ISTANBUL - Demonstrators retreated from an Istanbul protest square Wednesday after a night of running battles with riot police as Turkish Prime Minister Recep Tayyip Erdogan moved to crush mass demos against his Islamic-rooted government.

By midday, hundreds of officers armed with riot shields and backed by water cannon trucks lined up along the eastern side of the square. Just a stone’s throw away, weary demonstrators huddled up in Gezi Park.

Small crowds, mainly commuters and curious passers-by, milled around the area after a large clean-up operation removed all evidence of the unrest, clearing the square of stray tear gas canisters, anti-Erdogan banners and makeshift barricades.

The premier was to hold talks with some protest leaders on Wednesday, but many protesters said the unexpected crackdown on Taksim Square, which had seen no police presence since June 1, had made them lose faith in any dialogue.

“We don’t accept it,” said Anessa, a 29-year-old photographer, complaining that the government had cherry-picked the groups invited to the meeting.

Walking around a subdued Gezi Park in the rain, she said the violence only made protesters more determined. “We are not afraid. We are very angry and we will not stop.”

The nationwide unrest first erupted after police cracked down heavily on May 31 on a campaign to save the park from redevelopment, spiralling into mass displays of anger against Erdogan.

Four people, including a policeman, have died in the unrest. Nearly 5,000 demonstrators have been injured, tarnishing Turkey’s image as a model of Islamic democracy.

Erdogan, seen as increasingly authoritarian, has taken a tough line on the demonstrators, many of whom are young and middle-class. On Tuesday, he warned his patience had run out.

“We won’t show any more tolerance,” he told cheering lawmakers of his Justice and Development Party (AKP) in a speech broadcast live on television.

Hours later, Taksim Square resembled a battle scene, police firing volleys of tear gas to disperse tens of thousands chanting “Erdogan, resign!” and “Resistance!”

Cat-and-mouse games continued into the night, with police firing gas, jets of water and rubber bullets at demonstrators who hurled back fireworks, bottles and molotov cocktails.

The capital Ankara also saw renewed clashes overnight as riot police used gas, pepper spray and water cannon against thousands of protesters near the US embassy. Some threw rocks in response.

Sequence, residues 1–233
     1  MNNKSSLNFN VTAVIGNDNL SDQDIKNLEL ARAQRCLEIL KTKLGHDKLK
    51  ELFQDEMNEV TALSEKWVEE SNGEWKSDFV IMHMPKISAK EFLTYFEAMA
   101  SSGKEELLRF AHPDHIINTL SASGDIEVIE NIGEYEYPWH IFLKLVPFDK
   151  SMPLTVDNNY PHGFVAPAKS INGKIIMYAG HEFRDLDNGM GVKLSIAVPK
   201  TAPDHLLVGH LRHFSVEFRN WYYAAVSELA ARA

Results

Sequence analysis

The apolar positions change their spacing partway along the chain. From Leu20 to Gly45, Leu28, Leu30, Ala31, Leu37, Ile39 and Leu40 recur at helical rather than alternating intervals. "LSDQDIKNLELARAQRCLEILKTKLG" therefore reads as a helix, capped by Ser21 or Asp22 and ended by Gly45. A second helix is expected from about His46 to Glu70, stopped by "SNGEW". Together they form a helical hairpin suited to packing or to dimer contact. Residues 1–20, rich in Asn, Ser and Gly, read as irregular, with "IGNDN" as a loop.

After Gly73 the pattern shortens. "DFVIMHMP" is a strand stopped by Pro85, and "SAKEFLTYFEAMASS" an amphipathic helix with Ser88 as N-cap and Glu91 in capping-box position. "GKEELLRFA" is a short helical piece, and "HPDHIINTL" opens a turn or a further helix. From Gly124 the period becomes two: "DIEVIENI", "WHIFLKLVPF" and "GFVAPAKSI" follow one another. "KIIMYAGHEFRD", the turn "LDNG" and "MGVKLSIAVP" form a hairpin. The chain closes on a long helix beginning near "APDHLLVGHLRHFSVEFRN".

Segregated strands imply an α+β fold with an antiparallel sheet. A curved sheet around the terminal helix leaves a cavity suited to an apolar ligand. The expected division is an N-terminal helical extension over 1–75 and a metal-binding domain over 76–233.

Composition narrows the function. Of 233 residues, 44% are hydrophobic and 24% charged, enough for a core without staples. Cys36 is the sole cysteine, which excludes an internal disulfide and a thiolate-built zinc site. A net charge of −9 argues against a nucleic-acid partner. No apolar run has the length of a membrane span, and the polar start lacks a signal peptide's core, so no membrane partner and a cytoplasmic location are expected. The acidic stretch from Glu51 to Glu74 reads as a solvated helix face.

— ‘Democratic maturity’ —

While expectations were low for a quick resolution to the conflict, President Abdullah Gul on Wednesday said Erdogan’s meeting with demonstrators was a sign of the country’s “democratic maturity”.

“People take to the streets here like in the most developed countries in Europe,” he said, adding that he was confident Turkey would “overcome the trouble”.

Police did not intervene in Gezi Park overnight, where volunteers offered first aid to victims of the clashes, though many protesters abandoned their tents to escape wafts of tear gas drifting in from Taksim.

“This was one of the biggest events in Turkey,” law student Fulya Dagli, 21, said about the overnight clashes as she handed out breakfast in the park.

“People are learning not to be scared of the government. That’s something we gained and can’t give up again.”

In a clear sign that police had reclaimed Taksim Square, they unfurled two massive Turkish flags from a nearby building, as well as a large portrait of Mustafa Kemal Ataturk, the father of modern Turkey, whose image has also been adopted by the protesters.

Confident in his enduring popularity, Erdogan, in power since 2002, has urged loyalists to respond to the demonstrators by voting for the AKP in local polls next year.

His AKP has won three elections in a row and took nearly half the vote in 2011, having presided over strong economic growth.

The first campaign rallies will be staged in Ankara and Istanbul this weekend and are expected to gather tens of thousands of party faithful.

Turkey, a country of 76 million at the crossroads of East and West, is a key strategic partner in the region for the United States and other Western allies. Many of them have criticised Erdogan’s handling of the crisis.

German Foreign Minister Guido Westerwelle on Wednesday said the images of demonstrators being chased down by riot police were “disturbing”.

“The Turkish government is sending the wrong message to the country and to Europe,” he said, adding that Ankara must do “all in its power” to protect democratic rights.

Italy’s Foreign Minister Emma Bonino said the unrest was “the first serious test” for Turkey in its long-time bid to join the European Union.